Diversity and cultural sensitivity training became popular when several high profile companies paid out hefty fines due to discrimination lawsuits in the late 1990s and 2000s. Smith Barney and Merrill Lynch paid out $100 million each to settle sex discrimination. And Morgan Stanley paid out $54 million and in 2007 Morgan was once again hit with a similar lawsuit. And many other large organizations such as Wal-Mart, Denny’s restaurant and others shelled out millions of dollars due to discrimination cases.
Despite the hefty fines, then why diversity training is not taken more seriously?
Let’s first look at what diversity training is supposed to accomplish in the workplace.
Here are just some of the objectives of diversity training:
- To have a greater understanding of different cultures and appreciate the differences and similarities.
- To achieve an understanding of the many benefits of a diverse workforce.
- To learn how diversity issues impact us in our daily interaction and in the workplace.
- To become familiar with workplace diversity, as well as to have greater knowledge of the needs and wants of a multicultural staff.
- Allow people to have an honest and open dialogue through sharing information
- Avoid conflicts and litigation
- Strengthen communication skills
- Enhance cultural harmony
- Attain greater productivity and profits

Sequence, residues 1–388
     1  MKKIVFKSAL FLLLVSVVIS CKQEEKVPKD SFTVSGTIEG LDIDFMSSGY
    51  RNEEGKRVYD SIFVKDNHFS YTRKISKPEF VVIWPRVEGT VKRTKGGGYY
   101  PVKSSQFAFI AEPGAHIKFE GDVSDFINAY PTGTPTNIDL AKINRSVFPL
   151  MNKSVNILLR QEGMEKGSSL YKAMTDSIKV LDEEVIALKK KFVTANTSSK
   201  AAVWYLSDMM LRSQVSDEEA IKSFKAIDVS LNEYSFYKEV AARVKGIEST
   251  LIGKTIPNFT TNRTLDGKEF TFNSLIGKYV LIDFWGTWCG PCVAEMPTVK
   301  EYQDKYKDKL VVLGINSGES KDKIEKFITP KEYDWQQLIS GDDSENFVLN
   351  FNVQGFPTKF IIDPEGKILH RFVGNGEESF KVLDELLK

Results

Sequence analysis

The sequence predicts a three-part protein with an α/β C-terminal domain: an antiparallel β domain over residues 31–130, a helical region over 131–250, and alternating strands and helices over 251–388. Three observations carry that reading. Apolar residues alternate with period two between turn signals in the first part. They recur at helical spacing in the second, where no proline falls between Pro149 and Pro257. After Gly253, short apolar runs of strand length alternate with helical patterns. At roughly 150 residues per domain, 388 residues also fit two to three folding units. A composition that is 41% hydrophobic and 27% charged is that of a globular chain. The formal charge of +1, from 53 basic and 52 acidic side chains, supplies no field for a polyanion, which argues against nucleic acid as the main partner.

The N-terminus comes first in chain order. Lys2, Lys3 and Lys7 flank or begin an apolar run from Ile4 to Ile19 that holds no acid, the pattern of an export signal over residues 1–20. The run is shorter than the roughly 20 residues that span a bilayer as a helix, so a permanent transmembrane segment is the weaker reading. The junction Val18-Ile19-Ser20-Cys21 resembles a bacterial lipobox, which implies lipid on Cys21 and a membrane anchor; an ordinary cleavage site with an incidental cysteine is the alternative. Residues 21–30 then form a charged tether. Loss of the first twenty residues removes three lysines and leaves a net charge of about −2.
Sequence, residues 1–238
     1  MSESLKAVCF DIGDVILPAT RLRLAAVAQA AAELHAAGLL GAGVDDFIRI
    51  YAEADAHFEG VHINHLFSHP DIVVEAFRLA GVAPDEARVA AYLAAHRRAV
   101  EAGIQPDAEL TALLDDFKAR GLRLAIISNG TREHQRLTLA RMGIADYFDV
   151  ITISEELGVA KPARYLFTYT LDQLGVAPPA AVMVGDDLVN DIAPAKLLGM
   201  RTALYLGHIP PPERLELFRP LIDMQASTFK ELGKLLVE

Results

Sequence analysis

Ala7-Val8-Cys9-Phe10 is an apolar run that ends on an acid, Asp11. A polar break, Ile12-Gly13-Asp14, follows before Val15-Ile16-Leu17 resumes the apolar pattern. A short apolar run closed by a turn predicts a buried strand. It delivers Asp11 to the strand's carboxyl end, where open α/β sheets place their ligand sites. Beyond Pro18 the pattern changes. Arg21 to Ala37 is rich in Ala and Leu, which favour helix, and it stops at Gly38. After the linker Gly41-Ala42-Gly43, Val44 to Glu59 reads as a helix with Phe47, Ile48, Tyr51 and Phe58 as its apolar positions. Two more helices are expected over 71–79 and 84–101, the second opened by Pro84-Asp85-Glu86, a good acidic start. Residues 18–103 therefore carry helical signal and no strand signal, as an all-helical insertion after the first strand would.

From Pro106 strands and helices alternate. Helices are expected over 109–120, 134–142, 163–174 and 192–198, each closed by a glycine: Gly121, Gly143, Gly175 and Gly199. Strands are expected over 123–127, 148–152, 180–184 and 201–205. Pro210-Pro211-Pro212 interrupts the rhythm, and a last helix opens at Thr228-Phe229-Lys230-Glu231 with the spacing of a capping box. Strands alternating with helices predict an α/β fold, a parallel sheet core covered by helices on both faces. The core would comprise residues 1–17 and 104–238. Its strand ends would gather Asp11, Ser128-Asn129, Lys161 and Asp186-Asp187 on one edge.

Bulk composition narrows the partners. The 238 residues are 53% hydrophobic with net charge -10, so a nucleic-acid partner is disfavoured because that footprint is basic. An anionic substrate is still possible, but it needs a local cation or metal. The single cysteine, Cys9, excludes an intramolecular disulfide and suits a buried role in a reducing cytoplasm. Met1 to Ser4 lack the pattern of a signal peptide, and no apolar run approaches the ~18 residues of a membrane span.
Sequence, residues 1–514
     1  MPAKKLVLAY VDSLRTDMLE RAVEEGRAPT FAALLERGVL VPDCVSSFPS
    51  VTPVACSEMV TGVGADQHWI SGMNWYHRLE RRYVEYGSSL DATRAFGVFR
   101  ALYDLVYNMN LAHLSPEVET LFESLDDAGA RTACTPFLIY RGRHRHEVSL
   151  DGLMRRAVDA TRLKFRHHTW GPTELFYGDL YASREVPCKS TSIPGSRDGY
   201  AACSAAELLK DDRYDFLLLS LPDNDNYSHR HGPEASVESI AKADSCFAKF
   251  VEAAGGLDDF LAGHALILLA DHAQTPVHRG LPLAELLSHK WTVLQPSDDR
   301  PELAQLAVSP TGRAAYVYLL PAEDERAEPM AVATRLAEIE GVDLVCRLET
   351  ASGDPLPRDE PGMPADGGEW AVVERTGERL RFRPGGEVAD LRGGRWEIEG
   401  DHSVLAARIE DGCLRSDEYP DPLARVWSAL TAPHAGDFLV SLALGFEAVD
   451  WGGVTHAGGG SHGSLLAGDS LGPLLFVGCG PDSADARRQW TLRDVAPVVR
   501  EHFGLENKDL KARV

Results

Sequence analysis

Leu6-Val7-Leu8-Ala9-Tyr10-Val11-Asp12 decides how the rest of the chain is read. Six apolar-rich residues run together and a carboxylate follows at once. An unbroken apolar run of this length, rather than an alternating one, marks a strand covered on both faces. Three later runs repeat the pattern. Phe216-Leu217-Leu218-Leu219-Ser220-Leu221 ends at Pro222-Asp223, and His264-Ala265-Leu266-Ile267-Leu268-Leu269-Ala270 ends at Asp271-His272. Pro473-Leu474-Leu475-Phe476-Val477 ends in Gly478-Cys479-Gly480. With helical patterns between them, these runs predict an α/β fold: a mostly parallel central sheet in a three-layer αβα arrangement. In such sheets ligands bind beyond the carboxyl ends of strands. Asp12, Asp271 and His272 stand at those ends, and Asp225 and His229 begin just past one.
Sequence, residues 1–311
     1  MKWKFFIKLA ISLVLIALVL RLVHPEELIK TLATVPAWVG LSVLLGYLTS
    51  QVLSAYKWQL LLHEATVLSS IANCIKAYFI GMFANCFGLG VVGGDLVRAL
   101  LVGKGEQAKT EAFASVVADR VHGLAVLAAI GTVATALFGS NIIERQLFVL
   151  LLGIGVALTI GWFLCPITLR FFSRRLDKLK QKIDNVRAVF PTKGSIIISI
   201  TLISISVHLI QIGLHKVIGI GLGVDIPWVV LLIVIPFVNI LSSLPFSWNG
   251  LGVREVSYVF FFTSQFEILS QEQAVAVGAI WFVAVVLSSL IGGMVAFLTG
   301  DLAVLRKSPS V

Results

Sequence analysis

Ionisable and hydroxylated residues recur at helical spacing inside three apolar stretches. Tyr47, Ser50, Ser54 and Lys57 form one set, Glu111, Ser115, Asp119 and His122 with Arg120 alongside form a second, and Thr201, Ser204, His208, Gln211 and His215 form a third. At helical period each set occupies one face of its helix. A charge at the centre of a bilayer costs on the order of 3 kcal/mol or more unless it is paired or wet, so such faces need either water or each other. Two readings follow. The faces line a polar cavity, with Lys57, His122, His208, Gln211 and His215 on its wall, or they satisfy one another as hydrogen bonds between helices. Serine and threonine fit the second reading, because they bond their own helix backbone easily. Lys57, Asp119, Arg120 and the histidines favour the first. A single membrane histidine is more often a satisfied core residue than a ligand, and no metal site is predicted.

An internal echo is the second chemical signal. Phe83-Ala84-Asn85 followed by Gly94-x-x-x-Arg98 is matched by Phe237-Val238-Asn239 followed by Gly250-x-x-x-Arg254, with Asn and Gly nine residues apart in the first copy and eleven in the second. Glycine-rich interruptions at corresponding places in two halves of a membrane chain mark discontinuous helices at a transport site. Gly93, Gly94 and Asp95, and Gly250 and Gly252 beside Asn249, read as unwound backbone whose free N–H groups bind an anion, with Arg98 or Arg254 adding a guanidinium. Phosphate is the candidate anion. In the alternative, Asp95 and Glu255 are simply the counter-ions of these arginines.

The main reason diversity training is not taken seriously is because it is not given a top priority by the decision makers in the boardroom. Diversity training must be viewed as a business component.
Also decision makers may not feel that it is a good return on their investment. Diversity training needs to be delivered on a regular basis to have any type of significant impact, otherwise it is like going to a gym once in a while.
Furthermore, the people who are asked to attend diversity training needs to be informed of the many benefits. Then they also become champions instead just simply forcing them to attend.
The diversity training session has to be custom designed to meet the specific needs of an organization instead just a general seminar or workshop. Every organization is different and unique.
Diversity and cultural sensitivity training are needed now more than ever before, especially what is happening on the world stage in politics. When top leaders can say whatever they want without filtering their language, then it simply gives permission to the average person to also be insensitive toward others.